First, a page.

(c) because of one or more subsequent land use ordinance changes, [the use] does not conform to the regulations that now govern the use of the land.
Utah Code § 10-9a-103(33).
Under Utah law, once a legal nonconforming use is established it may continue until terminated through amortization or abandonment, as provided by the local jurisdiction. See Utah Code § 10-9a-511(2). Ms. Stowell, in her advisory opinion request, asserted that she legally established the use of the property as a short-term residential rental property in 1995.
She further asserted that the City Code, at that time, did not prohibit the use of her property as a short-term rental. She claimed that, based upon the information provided to her by the City, she was “unaware of any ordinance or other law [existing in 1995] prohibiting her from using her property as a short-term rental.” Reply from Craig A. Hoggan, dated August 19, 2016. Ms. Stowell also claimed that she has leased the property continuously on a short-term basis from 1995 until the present day. Finally, Ms. Stowell concluded that the property now qualifies as a legal nonconforming use because St. George City Code section 10-14-21, enacted in 2010, no longer allows her property to be leased as a short-term rental, thus satisfying the third criteria.
Since that time, however, the City has produced relevant and dispositive information that prevents Ms. Stowell from establishing the property as a legal nonconforming short-term rental. The current version of the St. George City Code contains a provision establishing a Resort Overlay Zone and restricting short-term residential rentals (for a period of 28 days or less) to areas within the Resort Overlay Zone or commercial zones. See St. George City Code Ch. 10-13B-3(A) (“Overnight and short term rentals shall be allowed only in commercial zones and approved resort overlay zones”).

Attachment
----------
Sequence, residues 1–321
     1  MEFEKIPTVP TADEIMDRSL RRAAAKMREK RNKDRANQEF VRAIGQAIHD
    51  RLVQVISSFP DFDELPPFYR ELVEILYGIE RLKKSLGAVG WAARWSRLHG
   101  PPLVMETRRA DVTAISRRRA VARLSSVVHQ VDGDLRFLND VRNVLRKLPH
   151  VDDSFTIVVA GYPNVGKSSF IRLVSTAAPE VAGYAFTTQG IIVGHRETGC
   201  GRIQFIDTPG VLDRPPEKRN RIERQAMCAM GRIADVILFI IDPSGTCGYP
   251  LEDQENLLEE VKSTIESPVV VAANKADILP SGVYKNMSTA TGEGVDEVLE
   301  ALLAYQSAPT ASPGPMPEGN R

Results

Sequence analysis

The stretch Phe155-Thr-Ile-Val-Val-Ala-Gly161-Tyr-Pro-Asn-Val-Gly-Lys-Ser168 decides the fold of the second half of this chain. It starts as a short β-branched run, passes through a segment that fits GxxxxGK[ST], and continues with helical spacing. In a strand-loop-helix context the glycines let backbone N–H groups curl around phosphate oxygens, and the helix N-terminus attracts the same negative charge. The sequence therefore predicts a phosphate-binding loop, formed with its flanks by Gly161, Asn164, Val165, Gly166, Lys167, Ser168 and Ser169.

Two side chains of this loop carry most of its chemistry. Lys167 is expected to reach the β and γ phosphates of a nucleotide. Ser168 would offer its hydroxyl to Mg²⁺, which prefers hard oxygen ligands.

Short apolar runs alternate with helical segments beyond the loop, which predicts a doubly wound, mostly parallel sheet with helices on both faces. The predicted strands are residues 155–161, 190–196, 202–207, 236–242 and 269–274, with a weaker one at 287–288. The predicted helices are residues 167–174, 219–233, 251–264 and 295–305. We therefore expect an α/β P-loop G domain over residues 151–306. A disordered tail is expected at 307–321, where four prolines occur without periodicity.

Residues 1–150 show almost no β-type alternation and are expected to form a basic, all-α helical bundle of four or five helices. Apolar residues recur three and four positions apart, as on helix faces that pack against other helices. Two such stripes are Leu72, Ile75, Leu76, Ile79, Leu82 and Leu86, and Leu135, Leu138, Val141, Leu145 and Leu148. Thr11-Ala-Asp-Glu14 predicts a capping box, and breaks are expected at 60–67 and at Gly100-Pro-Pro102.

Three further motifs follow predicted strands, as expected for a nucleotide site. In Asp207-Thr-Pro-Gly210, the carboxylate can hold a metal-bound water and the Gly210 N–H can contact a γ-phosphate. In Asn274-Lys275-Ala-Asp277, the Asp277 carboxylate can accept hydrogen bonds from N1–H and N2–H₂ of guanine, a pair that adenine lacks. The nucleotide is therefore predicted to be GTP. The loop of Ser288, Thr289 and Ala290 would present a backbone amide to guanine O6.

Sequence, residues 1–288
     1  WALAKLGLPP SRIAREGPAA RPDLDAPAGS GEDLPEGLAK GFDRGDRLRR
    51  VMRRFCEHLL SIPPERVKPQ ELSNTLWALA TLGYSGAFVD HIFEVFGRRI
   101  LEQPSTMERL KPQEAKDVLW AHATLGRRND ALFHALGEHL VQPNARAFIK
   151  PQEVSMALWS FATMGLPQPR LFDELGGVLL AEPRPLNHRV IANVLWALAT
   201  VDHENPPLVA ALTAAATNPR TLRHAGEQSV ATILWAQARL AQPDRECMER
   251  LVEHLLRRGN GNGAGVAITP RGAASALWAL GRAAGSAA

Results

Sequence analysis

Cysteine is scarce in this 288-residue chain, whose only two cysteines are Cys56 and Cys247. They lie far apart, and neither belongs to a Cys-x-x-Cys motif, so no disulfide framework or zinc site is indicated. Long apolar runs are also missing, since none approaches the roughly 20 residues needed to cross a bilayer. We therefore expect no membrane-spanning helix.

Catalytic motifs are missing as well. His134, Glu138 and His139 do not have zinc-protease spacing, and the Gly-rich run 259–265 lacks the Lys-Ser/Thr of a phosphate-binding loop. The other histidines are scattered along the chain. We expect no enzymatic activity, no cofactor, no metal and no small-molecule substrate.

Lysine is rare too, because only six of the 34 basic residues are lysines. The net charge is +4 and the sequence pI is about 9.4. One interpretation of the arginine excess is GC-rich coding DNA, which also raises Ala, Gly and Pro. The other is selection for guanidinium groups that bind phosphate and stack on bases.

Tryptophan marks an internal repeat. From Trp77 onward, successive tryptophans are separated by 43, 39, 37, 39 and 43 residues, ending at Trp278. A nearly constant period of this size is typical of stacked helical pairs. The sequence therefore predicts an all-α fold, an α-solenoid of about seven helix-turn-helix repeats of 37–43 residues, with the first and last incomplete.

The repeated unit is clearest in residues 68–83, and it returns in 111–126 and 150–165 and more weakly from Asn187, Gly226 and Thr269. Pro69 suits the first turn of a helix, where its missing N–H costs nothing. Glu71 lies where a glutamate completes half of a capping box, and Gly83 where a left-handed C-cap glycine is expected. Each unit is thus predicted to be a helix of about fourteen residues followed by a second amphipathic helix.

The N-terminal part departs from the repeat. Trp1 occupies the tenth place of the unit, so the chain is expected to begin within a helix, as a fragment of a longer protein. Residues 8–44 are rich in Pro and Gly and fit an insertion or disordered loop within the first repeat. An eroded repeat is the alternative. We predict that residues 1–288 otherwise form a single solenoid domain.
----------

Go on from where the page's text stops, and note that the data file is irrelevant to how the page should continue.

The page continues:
Initially, and presumably, neither party addressed this provision because the citations in the ordinance gave the impression that the provision was not enacted until 1998, three years after Ms. Stowell allegedly established the use of her property as a short-term rental. Therefore, the ordinance appeared inapplicable. However, while preparing arguments for this advisory opinion, the City discovered the provision was in fact enacted in 1989 as Chapter 15A of the City Code (the “1989 ordinance”). This was several years prior to Ms. Stowell owning the townhome and leasing it on a short-term basis. The provision was not enacted, but simply recodified to Chapter 10-13B in 1998. Consequently, the provision applied to Ms. Stowell’s property when she started using it as a short-term rental in 1995.
Accordingly, we conclude that Ms. Stowell’s property does not qualify for legal nonconforming status as a short-term rental property. The property has never been in the Resort Overlay Zone. When Ms. Stowell began leasing the property on a short-term basis in 1995 the City Code did not allow her property to be operated as a short-term rental. The use never legally existed, which is prerequisite to establishing a legal nonconforming use. See Utah Code § 10-9a-103(33).